London will open 300 hotel rooms for the self-isolation of homeless people, the Mayor of London announced on Saturday as the UK prepares to enter weeks of social distancing to fight the coronavirus pandemic.
“Homeless Londoners will benefit from vital protection against the coronavirus, as Mayor of London Sadiq Khan, with the support of the British government, has secured 300 hotel rooms where they will be able to self-isolate over the next weeks”, the London City Hall announced in a press release.
An operation to bring homeless people to hotel rooms started Friday night and will continue throughout the weekend. The 300 rooms are located in two Intercontinental London hotels and the people will be driven there in London black cabs, to avoid using public transport.
The rooms are booked for the next 12 weeks.
The COVID-19 coronavirus has killed 177 people in the UK, and the number of cases is particularly high in London.
“The coronavirus pandemic is impacting everyone in London and we must do everything we can to protect everyone’s health, especially the Londoners who sleep outside every night”, said London Mayor Sadiq Khan.
“The COVID-19 threatens us all, but it disproportionately affects the most fragile, including the homeless”, said the British Housing minister Robert Jenrick in the same press release.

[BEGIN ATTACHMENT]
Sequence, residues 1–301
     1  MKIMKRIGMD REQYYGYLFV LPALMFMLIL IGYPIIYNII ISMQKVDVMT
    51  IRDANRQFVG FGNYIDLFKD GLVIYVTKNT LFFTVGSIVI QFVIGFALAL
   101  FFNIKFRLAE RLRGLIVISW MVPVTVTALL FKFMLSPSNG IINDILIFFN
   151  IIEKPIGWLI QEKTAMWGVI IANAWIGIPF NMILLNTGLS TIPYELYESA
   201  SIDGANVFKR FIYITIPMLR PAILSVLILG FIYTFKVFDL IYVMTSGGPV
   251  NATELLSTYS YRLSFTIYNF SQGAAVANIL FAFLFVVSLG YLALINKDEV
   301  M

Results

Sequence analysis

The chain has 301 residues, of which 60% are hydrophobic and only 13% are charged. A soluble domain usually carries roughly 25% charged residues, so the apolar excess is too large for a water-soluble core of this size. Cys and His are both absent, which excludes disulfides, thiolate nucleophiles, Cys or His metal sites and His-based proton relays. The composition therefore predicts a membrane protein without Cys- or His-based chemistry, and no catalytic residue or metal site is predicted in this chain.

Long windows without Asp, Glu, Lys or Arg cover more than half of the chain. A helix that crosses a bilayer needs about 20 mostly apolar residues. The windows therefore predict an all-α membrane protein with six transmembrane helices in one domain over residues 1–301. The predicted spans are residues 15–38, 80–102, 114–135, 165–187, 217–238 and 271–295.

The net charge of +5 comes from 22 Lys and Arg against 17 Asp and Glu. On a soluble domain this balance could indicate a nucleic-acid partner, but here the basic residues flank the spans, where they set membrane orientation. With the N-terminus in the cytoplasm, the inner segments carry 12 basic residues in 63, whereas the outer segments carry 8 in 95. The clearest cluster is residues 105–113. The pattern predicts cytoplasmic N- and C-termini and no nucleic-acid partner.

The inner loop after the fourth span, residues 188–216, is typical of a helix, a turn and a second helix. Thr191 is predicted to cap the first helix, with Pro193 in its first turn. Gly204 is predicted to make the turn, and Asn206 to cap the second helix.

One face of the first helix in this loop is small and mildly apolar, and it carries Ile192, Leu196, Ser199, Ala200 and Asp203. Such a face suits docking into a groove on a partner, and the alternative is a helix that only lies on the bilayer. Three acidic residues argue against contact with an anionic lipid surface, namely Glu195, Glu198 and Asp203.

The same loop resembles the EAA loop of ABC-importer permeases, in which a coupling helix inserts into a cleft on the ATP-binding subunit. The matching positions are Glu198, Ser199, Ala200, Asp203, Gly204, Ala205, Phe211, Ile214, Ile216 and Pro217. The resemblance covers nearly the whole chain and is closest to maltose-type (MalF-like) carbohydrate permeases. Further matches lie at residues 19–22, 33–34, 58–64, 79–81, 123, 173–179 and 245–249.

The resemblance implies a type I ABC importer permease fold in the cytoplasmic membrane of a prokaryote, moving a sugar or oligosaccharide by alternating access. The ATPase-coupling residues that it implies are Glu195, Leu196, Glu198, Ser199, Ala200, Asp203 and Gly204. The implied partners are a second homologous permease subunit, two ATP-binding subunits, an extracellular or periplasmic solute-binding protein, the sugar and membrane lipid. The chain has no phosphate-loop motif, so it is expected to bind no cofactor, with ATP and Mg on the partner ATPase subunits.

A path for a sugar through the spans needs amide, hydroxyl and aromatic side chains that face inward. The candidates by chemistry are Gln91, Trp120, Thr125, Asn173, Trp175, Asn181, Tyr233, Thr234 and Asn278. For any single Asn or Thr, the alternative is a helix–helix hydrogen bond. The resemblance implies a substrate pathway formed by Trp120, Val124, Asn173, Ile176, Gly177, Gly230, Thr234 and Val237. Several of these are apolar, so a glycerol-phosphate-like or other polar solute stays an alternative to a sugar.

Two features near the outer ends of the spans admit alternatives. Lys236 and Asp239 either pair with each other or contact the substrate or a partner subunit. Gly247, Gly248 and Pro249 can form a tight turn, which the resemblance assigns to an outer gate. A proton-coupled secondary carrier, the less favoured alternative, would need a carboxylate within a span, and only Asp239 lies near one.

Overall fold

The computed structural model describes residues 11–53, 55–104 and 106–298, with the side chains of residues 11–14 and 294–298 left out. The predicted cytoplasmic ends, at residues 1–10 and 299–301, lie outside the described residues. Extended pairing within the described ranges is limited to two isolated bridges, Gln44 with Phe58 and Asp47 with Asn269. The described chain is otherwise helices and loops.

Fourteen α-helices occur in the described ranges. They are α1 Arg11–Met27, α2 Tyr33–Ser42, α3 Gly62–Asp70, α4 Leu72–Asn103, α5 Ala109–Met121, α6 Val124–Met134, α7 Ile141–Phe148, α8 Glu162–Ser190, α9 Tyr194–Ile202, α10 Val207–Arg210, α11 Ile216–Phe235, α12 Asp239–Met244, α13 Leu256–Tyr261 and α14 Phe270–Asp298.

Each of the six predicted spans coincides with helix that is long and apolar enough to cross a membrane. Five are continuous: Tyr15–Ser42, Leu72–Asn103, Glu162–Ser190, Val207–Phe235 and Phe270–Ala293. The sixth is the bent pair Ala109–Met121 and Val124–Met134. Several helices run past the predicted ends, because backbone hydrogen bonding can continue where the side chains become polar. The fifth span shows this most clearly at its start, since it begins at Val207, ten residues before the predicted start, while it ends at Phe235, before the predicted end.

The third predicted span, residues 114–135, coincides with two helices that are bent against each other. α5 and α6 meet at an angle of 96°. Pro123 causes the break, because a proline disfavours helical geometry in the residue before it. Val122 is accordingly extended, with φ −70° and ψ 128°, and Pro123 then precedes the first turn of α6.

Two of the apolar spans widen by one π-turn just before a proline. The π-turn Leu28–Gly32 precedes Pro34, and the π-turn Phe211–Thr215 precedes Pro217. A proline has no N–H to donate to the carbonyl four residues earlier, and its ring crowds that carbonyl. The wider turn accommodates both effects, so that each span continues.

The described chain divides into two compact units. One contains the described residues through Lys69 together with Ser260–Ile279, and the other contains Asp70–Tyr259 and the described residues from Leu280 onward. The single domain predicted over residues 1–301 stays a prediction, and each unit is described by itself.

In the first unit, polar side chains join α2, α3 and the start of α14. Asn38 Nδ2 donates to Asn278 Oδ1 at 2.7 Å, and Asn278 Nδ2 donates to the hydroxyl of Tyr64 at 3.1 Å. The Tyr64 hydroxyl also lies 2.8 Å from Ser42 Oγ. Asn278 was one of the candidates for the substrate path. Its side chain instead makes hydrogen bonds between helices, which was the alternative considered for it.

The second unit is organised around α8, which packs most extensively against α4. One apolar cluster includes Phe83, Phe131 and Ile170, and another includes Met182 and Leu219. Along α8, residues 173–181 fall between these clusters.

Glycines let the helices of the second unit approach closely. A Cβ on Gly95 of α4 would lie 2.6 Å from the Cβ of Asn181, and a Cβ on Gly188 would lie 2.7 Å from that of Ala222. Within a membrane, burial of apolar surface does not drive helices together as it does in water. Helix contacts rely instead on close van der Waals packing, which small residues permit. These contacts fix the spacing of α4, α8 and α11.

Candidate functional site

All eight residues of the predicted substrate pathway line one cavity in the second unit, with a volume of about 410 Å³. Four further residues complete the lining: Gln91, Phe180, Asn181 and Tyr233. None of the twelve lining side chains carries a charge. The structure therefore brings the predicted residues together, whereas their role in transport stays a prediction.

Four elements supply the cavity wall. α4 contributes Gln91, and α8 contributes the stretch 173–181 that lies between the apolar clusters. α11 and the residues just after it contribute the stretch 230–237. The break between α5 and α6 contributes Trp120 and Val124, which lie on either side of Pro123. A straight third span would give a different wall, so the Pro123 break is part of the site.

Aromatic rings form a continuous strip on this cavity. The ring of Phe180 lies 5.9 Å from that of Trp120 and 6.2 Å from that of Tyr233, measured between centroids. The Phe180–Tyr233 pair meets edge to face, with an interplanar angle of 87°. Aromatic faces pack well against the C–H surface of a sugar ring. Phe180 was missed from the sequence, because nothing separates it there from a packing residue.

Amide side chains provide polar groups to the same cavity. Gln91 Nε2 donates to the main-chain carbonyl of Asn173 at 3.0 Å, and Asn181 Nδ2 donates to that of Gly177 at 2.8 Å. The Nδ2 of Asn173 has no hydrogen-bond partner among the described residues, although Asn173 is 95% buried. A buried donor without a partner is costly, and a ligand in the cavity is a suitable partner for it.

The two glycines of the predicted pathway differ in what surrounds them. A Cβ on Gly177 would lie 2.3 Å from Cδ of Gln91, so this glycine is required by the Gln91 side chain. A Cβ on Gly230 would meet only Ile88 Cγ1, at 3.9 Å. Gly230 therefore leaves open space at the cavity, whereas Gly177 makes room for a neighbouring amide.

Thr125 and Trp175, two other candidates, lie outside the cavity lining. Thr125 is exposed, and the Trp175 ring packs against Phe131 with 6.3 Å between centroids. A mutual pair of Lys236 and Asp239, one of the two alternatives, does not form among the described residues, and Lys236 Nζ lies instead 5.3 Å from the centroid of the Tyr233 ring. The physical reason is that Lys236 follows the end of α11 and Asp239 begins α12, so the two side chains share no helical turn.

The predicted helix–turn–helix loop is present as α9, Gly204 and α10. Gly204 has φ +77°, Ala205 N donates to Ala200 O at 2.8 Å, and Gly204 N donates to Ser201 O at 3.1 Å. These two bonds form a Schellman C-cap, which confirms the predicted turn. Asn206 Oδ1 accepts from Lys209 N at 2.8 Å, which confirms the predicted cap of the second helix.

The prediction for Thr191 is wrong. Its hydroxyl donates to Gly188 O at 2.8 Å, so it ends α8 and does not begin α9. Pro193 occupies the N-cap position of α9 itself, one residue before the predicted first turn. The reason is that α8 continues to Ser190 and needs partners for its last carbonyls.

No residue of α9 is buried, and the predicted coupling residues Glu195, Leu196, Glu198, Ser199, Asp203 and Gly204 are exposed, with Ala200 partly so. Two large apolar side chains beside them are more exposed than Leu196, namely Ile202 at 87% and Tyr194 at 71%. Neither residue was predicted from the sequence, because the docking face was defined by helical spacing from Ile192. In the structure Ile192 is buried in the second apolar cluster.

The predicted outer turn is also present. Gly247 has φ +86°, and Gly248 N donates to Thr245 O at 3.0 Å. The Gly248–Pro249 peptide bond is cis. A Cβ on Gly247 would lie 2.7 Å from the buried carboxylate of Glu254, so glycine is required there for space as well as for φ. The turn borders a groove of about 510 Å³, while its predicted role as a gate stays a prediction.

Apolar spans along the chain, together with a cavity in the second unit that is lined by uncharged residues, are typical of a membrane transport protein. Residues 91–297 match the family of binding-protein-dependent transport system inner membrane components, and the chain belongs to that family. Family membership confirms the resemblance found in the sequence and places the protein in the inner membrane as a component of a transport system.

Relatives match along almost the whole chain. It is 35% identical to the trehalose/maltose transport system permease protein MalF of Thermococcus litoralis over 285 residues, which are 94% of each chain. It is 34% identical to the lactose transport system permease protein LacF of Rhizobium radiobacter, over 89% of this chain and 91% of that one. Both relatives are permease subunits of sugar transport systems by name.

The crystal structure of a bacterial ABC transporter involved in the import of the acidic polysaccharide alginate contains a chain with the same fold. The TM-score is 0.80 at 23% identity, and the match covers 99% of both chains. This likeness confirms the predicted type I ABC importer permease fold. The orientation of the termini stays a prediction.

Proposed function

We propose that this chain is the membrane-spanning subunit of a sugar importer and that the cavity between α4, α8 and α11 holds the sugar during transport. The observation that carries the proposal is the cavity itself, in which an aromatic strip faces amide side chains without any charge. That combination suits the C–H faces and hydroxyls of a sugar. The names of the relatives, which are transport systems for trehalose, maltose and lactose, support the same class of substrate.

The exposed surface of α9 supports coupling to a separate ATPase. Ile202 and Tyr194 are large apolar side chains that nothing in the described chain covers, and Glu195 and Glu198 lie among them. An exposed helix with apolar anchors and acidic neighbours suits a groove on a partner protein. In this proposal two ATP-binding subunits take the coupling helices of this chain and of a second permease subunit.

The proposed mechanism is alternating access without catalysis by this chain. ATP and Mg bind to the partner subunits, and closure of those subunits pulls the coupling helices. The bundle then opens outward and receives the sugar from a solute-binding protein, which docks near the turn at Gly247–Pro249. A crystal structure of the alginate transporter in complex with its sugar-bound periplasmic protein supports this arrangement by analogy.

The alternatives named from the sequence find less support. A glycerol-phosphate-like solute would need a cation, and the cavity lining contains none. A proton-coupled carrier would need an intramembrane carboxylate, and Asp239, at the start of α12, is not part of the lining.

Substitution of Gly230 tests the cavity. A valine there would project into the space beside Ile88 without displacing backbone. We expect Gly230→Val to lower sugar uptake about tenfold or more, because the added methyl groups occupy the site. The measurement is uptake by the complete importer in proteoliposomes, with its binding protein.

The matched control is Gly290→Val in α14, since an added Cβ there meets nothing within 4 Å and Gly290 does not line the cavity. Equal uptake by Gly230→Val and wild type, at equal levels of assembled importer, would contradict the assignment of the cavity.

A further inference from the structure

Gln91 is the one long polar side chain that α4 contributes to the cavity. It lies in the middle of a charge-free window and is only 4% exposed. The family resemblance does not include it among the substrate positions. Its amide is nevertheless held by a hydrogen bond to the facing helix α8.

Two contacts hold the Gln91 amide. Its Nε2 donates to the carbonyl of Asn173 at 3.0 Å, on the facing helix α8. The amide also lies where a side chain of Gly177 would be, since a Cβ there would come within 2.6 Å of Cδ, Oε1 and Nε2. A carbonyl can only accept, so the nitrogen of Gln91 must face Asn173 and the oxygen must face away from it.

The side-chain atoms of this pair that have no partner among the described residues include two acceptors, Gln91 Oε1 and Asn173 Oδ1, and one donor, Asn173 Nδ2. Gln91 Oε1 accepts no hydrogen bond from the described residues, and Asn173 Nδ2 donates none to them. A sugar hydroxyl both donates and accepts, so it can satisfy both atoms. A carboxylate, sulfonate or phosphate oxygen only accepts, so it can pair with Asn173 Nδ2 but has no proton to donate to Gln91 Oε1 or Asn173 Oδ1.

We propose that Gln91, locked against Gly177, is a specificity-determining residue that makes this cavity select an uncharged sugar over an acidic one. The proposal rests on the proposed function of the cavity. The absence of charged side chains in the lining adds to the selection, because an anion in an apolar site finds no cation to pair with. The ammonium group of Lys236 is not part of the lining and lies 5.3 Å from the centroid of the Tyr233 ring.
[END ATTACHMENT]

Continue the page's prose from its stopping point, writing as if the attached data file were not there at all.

Homeless people are more likely to suffer from underlying health problems, including breathing problems, which increases the danger of the virus once caught. It is also more difficult for them to self-isolate and apply social distancing measures, to find shelter and maintain body hygiene, the Housing minister added.
In 2018-2019, London counted around 9,000 homeless people.
The cost of the measure has not been announced, but the hotel rooms were booked at “a significantly reduced price”, the London City Hall said.
In the last week, France took similar measures, announcing it would open "self-isolation centres" in empty buildings across the country for the homeless who are sick with the coronavirus but don't need hospitalisation.